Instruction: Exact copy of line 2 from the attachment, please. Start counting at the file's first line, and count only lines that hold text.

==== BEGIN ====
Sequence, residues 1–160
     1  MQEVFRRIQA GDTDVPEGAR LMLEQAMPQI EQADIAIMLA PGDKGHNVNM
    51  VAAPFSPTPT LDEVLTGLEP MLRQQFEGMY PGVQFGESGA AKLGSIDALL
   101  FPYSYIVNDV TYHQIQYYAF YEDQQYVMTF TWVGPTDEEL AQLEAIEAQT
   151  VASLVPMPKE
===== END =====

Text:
     1  MQEVFRRIQA GDTDVPEGAR LMLEQAMPQI EQADIAIMLA PGDKGHNVNM